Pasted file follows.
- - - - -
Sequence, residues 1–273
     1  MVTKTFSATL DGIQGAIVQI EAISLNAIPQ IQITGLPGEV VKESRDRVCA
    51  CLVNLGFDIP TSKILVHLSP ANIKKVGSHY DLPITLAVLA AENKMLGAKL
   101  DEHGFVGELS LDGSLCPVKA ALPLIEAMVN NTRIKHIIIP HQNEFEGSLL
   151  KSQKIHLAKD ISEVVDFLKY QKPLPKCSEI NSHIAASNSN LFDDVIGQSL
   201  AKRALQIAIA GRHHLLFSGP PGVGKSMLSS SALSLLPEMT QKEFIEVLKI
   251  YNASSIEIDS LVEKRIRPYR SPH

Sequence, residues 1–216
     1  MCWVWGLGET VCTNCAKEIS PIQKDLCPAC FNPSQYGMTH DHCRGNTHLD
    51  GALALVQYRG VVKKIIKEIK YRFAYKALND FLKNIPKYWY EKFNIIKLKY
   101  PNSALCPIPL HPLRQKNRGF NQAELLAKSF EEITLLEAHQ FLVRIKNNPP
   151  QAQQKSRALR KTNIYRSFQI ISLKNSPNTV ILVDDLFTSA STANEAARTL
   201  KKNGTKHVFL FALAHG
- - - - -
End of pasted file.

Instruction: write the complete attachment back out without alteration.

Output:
Sequence, residues 1–273
     1  MVTKTFSATL DGIQGAIVQI EAISLNAIPQ IQITGLPGEV VKESRDRVCA
    51  CLVNLGFDIP TSKILVHLSP ANIKKVGSHY DLPITLAVLA AENKMLGAKL
   101  DEHGFVGELS LDGSLCPVKA ALPLIEAMVN NTRIKHIIIP HQNEFEGSLL
   151  KSQKIHLAKD ISEVVDFLKY QKPLPKCSEI NSHIAASNSN LFDDVIGQSL
   201  AKRALQIAIA GRHHLLFSGP PGVGKSMLSS SALSLLPEMT QKEFIEVLKI
   251  YNASSIEIDS LVEKRIRPYR SPH

Sequence, residues 1–216
     1  MCWVWGLGET VCTNCAKEIS PIQKDLCPAC FNPSQYGMTH DHCRGNTHLD
    51  GALALVQYRG VVKKIIKEIK YRFAYKALND FLKNIPKYWY EKFNIIKLKY
   101  PNSALCPIPL HPLRQKNRGF NQAELLAKSF EEITLLEAHQ FLVRIKNNPP
   151  QAQQKSRALR KTNIYRSFQI ISLKNSPNTV ILVDDLFTSA STANEAARTL
   201  KKNGTKHVFL FALAHG